US 3584738 A
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United States Patent Inventor Robert S. Wallace 2706 S. Robertson Blvd., Los Angeles, Calif. 90034 Appl. No. 815,938
Filed Apr. 14, 1969 Patented June 15, 1971 CONTAINER STORAGE DEVICE 15 Claims, 10 Drawing Figs.
us. (:1 206/1, 206/52, 21 1/59, 220/23.6, 220/97, 312/107 1111. c1 ..B65d 21 02 11656 85/62 Field of Search 206/65 K, 65, 62, 52 F, 72, 1;220/97,41, 21, 23.6; 21 1/59, 41; 312/107 Primary Examiner-William T. Dixson, Jr. Attorney-White and Haefliger ABSTRACT: The disclosure concerns a molded pallet and housing assembly for storing containers, as for example magnetic tape cartridges, enabling pallet stacking and transportation of the containers.
ATENTEUJUNISIH/t 34584738 SHEET 1 OF 3 RO ERT S WALL PATENTEUJUN? 51971 34584738 SHEET 2 BF 3 INVENTOR R0 ERT SWALLA E PATENTEU JUN: 5 :97! I 3584.738
SHEET 3 or 3 lid INVIJNTOK ROBERT S. WALLACE CONTAINER STORAGE DEVICE BACKGROUND OF THE INVENTION This invention relates generally to magnetic tape cassette or cartridge storage, and more particularly concerns pallet apparatus for stacking or storing cassettes or containers therefor in condition for ready transportation and accessibility.
Magnetic tape cassettes have recently come into general and extensive use due to their small size, ease of use and long play capacity. However, despite these advantages, certain problems remain. Unlike phonograph records, tape cassettes are relatively thick, irregular and not easily stackable; consequently carriage and storage of accumulated large numbers of cassettes in the home or elsewhere presents considerable difficulty. While boxes have been used for this purpose, they are relatively expensive and no provision has been made to prevent vibration induced free rotation of tape wrapping reels, during cassette transportation in such boxes, creating tape jamming problems.
SUMMARY OF THE INVENTION It is a major object of the invention to provide an inexpensive pallet device for stacking cassettes in such stored condition as will overcome all of the problems mentioned above, as well as providing a number of unusual advantages having to do with ready accessibility of the stored cassettes, each of transportation thereof, prevention of tape reel rotation in a housing, provision for stacking of multiple pallets, automatic gravity locking ofa housing on a pallet, and additional advantages as will appear.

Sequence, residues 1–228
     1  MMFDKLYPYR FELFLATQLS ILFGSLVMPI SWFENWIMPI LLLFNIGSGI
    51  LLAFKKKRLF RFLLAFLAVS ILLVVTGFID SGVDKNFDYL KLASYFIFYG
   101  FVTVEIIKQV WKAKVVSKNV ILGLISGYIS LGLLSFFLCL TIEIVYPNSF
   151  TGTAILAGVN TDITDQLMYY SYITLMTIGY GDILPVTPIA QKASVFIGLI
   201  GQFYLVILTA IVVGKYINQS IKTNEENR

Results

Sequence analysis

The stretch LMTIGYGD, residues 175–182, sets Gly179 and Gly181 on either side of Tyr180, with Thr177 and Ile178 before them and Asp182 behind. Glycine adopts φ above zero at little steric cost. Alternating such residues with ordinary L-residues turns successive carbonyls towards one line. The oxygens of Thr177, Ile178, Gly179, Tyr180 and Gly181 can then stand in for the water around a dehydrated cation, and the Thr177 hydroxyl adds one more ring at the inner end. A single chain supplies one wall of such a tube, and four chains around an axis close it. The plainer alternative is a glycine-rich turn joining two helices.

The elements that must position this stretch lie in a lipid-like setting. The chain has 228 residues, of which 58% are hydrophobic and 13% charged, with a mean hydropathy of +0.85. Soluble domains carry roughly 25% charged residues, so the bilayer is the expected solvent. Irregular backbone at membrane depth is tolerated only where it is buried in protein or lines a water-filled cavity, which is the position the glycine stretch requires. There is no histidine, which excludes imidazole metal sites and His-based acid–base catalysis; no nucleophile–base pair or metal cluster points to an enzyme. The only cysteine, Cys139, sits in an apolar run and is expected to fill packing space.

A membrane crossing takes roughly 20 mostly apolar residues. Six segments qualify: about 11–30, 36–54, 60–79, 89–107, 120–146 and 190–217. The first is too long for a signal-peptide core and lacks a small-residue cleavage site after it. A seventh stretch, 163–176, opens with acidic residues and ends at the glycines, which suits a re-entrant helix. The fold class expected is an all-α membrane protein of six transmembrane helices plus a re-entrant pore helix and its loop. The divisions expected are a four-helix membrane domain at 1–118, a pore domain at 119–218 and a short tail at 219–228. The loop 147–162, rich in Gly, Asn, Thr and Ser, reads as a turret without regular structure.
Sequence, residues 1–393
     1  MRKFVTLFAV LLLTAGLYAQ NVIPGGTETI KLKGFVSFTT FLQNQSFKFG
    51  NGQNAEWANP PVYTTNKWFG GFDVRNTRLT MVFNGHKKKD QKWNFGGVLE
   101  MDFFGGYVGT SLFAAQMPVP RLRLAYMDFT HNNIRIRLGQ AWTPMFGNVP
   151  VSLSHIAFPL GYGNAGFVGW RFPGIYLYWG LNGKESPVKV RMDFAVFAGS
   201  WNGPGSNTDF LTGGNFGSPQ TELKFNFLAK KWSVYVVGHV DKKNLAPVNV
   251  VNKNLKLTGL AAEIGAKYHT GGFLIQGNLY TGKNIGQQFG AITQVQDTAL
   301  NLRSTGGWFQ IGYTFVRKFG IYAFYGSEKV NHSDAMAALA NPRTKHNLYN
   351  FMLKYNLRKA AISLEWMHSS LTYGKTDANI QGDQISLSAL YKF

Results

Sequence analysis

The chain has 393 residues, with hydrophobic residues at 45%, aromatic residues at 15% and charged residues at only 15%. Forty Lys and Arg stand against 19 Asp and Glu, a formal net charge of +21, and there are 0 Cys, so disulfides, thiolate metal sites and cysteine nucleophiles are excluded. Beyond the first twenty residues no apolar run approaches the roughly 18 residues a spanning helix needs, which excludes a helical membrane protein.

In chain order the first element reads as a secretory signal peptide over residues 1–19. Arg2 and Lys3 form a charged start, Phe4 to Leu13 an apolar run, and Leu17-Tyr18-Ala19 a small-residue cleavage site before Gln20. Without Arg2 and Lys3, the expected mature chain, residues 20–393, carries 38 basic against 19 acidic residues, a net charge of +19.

Basically, the invention is embodied in a pallet for stacking like, generally rectangular, magnetic tape containers (cassettes or receptacles therefor) and comprising in combination: a horizontally and longitudinally extending baseplate; parallel, laterally spaced, longitudinally extending upright flanges integral with the plate proximate laterally opposite terminals thereof; upright shoulders carried by the plate and spaced longitudinally thereof to form a longitudinal series of slots into which the containers are downwardly and closely receivable for stacking in upright laterally extending and longitudinally separated condition; and the lateral spacing of a pair of the flanges, projecting downwardly relative to the plate being characterized in that such flanges and the plate may be placed downwardly in straddling relation over the tops of a series of the containers supported in a row by a like lower pallet with the plate seating on the container tops. As a result, the cassettes are readily stackable in position for ease of identification and removal, with the cassette open edges facing downwardly for protection; an upper pallet may be stacked on a row of cassettes supported on a lower pallet; and the pallets may consist of one-piece molded plastic material so as to be fabricated easily and inexpensively.
Additional objects and advantages include: the provision of a housing (typically consisting of molded plastic material) quickly assembled on the pallet and having releasable connection therewith proximate the flanges, the connection being maintained by gravity action during transportation of the housing and pallet by means of a handle on the housing; the provision of a fork removably carried by the housing and having tines projecting into the housing for reception into openings formed by magnetic tape reels carried by the containers in the form of tape cassettes, the tines meshing with reel structure to block reel rotation during transportation; and the provision of other structural details to provide additional advantages to be described.
These and other objects and advantages of the invention, as well as the details of an illustrative embodiment will be more fully understood from the following specification and drawings, in which:
DRAWING DESCRIPTION FIG. 1 is a perspective showing of the pallet and housing in assembled condition;
FIG. 2 is an end elevation, partly broken away, of the assembled housing and pallet, with another pallet stacked thereon;
FIG. 3 is a fragmentary side elevation of an assembled housing and pallet, partly broken away to show cassette storage;